• Abandon Location
  • Spill Response

Fire response is integrated with the abandonment of location drills. Well control drills are simulated to time and test well control response. Hydrogen sulfide (H2S) response drills are performed where H2S is a potential risk to ensure safe evacuation of all personnel from the drilling site and surrounding area.

View life cycle of an onshore well

Well Design

Onshore Oil and Natural Gas Work Area

Shell requires a multiple-layer barrier system in its well designs to reduce risks.

We choose the steel pipe (casing) for each well based on the specific characteristics of the formation. We use cement between each layer of casing; this holds the casing in place and prevents fluids or gas from flowing into the wellbore or between the pipe and the sides of the hole. Additionally, our wellheads have mechanical seals and locks to prevent gas or fluids from moving up the hole along the outside of the casing.

We pressure test barriers within a well, including casing, wellhead, and cement. If a pressure or integrity test does not meet Shell’s standards, we stop and make the appropriate repairs in order to achieve strong barrier integrity. We do not complete wells unless wellbore integrity has been pressure tested and monitored.

Graphic of a blow out preventer with reference numbers labelling its parts.

The Blowout Preventer

Shell often goes beyond regulatory requirements in terms of safety regarding blowout prevention.

The blowout preventer (BOP) is critical safety equipment featuring a configuration of redundant sealing components, designed to close off and secure a well in the event of a loss of pressure control, commonly referred to as a “blowout.” It is vital that all components of the blowout preventer function as designed and intended – at that crucial moment. At Shell, BOPs undergo internal testing requirements in addition to the testing required by regulatory agencies. Should our testing indicate any abnormality in any part of the blowout preventer, drilling operations are suspended, and the well is secured until the issue is corrected.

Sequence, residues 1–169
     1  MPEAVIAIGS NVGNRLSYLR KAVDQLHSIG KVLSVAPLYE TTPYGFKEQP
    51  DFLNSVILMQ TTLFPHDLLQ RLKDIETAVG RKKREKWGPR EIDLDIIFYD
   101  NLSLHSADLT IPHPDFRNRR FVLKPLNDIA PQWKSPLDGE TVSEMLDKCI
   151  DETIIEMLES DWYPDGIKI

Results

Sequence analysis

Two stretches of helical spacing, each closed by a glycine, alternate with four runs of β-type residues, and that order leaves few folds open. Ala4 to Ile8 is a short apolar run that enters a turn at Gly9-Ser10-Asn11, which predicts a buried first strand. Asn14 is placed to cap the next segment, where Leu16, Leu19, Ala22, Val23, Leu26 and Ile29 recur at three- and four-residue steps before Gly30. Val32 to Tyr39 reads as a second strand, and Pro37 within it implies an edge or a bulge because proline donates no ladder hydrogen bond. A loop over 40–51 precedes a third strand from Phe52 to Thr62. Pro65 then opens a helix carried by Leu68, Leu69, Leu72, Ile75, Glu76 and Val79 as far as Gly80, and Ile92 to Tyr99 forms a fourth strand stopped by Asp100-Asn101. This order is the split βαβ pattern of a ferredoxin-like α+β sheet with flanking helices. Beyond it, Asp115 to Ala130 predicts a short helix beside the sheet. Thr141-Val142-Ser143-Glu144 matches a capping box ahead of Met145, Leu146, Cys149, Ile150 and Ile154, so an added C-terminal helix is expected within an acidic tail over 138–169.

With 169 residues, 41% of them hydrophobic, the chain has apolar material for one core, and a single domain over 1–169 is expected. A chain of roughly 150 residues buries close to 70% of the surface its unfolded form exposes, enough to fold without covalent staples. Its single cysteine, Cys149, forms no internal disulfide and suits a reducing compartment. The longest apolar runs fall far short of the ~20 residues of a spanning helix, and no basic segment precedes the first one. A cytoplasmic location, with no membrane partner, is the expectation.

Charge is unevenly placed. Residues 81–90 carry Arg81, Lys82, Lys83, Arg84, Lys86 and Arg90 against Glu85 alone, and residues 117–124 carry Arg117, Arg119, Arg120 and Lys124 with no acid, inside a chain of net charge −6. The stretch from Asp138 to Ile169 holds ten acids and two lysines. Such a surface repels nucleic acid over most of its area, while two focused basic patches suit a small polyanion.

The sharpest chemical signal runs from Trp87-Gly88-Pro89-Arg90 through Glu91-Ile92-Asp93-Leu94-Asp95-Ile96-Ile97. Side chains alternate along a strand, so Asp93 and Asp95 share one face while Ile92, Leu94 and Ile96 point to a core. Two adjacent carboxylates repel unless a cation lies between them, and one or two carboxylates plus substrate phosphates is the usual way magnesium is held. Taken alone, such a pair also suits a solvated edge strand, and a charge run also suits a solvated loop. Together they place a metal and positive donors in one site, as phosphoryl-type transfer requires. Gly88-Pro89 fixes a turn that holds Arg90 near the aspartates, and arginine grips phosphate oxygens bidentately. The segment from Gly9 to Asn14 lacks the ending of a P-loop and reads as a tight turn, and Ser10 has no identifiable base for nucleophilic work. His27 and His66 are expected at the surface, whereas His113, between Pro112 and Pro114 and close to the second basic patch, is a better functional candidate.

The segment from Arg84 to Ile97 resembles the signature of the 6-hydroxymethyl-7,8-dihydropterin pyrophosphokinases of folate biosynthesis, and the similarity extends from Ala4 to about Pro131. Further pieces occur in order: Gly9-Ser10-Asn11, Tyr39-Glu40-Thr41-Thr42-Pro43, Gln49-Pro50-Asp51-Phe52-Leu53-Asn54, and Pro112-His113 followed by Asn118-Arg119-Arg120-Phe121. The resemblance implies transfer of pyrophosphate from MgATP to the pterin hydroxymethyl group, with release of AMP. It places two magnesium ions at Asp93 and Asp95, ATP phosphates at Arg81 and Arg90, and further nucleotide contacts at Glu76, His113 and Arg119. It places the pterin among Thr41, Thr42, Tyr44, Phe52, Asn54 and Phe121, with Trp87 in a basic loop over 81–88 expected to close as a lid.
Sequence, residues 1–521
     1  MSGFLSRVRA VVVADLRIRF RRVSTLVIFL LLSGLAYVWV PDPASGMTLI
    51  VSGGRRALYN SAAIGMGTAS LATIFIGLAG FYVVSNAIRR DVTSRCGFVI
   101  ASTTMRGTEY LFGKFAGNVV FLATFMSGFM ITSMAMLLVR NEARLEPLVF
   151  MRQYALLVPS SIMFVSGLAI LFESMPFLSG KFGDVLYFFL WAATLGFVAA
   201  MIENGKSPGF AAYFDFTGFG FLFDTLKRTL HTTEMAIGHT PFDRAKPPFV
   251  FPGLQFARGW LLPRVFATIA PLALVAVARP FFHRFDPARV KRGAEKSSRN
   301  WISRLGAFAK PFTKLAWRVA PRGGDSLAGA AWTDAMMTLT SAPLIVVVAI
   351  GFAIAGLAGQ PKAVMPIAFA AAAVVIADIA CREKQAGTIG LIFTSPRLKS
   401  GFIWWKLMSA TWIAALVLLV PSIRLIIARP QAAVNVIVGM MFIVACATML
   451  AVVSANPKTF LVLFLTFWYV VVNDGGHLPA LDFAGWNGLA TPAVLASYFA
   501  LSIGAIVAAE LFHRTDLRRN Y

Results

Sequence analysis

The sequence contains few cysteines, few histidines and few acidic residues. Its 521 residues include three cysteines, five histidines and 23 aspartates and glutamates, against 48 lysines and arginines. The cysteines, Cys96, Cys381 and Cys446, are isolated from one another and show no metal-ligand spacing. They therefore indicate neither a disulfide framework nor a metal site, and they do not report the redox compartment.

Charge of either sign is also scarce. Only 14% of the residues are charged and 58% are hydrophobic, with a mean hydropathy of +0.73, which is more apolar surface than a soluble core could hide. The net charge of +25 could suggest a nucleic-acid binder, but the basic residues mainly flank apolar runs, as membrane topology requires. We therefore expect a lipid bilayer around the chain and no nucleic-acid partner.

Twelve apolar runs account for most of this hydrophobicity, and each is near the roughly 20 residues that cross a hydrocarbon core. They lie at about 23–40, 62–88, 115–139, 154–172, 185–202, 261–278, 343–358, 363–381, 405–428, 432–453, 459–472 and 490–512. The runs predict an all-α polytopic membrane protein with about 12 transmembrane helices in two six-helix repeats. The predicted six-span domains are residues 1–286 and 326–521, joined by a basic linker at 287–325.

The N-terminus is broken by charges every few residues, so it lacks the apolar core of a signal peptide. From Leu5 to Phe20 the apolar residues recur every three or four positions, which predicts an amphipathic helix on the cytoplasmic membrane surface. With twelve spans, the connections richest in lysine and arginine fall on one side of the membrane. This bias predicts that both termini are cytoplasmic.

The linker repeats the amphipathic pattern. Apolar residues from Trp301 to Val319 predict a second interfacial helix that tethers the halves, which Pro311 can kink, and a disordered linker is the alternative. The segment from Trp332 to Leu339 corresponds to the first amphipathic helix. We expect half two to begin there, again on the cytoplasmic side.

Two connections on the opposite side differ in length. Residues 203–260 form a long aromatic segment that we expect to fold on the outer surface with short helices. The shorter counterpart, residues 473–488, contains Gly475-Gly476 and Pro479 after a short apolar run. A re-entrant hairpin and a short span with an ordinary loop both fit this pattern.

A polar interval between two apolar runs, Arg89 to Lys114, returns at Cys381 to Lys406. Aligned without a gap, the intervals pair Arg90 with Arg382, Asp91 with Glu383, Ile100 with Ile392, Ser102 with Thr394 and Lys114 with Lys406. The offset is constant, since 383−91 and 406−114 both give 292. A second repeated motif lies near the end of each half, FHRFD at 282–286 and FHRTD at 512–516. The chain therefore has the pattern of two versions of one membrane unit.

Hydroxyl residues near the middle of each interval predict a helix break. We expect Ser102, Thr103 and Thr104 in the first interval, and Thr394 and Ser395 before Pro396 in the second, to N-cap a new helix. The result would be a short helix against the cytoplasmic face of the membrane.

Every 14 to 21 days during the onshore drilling process, Shell orders a function and pressure test on the BOP. Before drilling further beyond a casing point and beginning a new section, the BOP is again tested for integrity.

  1. Annular - Utilizes a donut-shaped rubber element to seal around a variety of pipe sizes to shut in the well when necessary, trapping pressure and wellbore fluids
  2. Pipe Ram - A high-pressure sealing device that closes around one or a range of pipe sizes to shut in the well
  3. Blind Ram - A sealing device that is used to shut in the well in the absence of pipe in the hole. It blankets the top of the well, trapping pressure and wellbore fluids
  4. Kill Line - If the drill pipe becomes inaccessible, drilling mud is pumped into the well here to re-establish well control
  5. Choke Line - When choking the manifold to reduce the pressure to atmospheric level, the pressurized fluid from the well will flow out of here
  6. Pipe Ram - (see above)
  7. Wellhead - Supports all casing and tubing in the well and connects to the blowout preventer